6. Mike, you’re right. I should’ve chosen a different title like, SourceSafe is a Great Source Control Tool for Newbies and Professional Developers Alike.

    Jerry, You write a mean blog and I respect your opinions greatly. You had some good points about source control integration in VS.NET in But I think you’re wrong in this case and here’s why (needless to say, this is my own opinion, not my employer’s … as everything in my blog unless otherwise stated):

    In many different areas including setup, documentation and localization, UI (yes, UI), support, continuing improvement, and soon web access, VSS is orders of magnitude better than almost all of the alternatives in its price range. Sure, it’s not as scalable or as feature rich as PVCS Pro or ClearCase or even Perforce. But c’mon, most developers don’t need floating labels. VSS is not as sexy as Vault and there’s certainly nobody on the SourceSafe team as sexy as Eric in his corn field centerfold 😉 But SourceSafe has filled an important niche in the storage, management, and facilitation of collaborative development of software applications and other IP since I graduated from High School. Does it have competition? You bet! And I personally believe that this is healthy. I also believe that the wide range of quality competitors is both a tribute to VSS as a pioneering product and to Microsoft for bending over backwards to make applications like VS.NET as easy for competitive partners like Vault and PVCS (and many others) to plug into it as for internal customers like VSS.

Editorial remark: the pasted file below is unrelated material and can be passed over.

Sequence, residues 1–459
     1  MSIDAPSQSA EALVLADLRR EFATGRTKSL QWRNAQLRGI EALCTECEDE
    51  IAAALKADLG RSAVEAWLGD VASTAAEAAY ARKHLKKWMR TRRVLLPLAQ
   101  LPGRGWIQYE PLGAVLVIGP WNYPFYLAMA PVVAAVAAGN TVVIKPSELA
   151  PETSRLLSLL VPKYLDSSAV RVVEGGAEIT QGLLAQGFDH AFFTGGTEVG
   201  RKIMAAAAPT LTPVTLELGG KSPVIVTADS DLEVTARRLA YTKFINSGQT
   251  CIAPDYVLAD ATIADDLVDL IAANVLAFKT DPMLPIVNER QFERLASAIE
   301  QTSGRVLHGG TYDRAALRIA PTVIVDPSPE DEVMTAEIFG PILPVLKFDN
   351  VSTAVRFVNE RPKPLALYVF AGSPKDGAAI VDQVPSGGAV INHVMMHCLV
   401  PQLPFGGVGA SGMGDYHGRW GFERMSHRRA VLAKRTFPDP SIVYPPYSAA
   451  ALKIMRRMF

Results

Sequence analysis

7. Korby –

    Thanks for the response. When I talk about Source Safe, I understand that there is a team of talented people working to make the product better for us all, and I respect the effort that goes into this. While I may criticize VSS, I mean it as constructive criticism. I’m glad that you take it as such.

    I’m also impressed that you referred me to my own blog as a rebuttal!

    Please do keep us posted on all that is VSS. I’ve enjoyed reading your blog.

  8. I think SourceSafe would get a lot less flack if it actually kept source code safe. A lot of developers are very annoyed with Microsoft because a product with huge design flaws hasn’t been updated for a long long time.

    At an absolute minimum, a new version of SourceSafe would need to have a proper server to be useful. With out a sever, one PC or network problem can corrupt a database, losing code. As there is no server, there is no security. As there is no server, vast amounts of data needs to be transferred over the network to complete a simple command killing performance (and why does SourceSafe access the network each time the mouse is moved over the file list?). With out a server, there is no way of adding correct time stamps to files (so if one PC has its clock incorrectly set, it can break the history off all the files checked in from it).

    It shouldn’t be necessary to spend five hours each night analysing a SourceSafe database to make it even get close to being stable (and accept that it occasionally losses file histories).

    To add insult to injury, Microsoft don’t document the file format SourceSafe uses and the automation interface is flaky so it is hard to move a database away from SourceSafe. Scripts that try and extract data from a SourceSafe database into a working source control system have to jump through numerous hoops to avoid bugs in SourceSafe (

    Lets hope the next version is better.

  9. Mevrick says:

    Which version of sourcesafe is under discussion here? i have been using sourcesafe for a long time onw, first 6.0 and now 2005. i found 2005 version to be a very goood version and really helps me and my coding partners in many ways.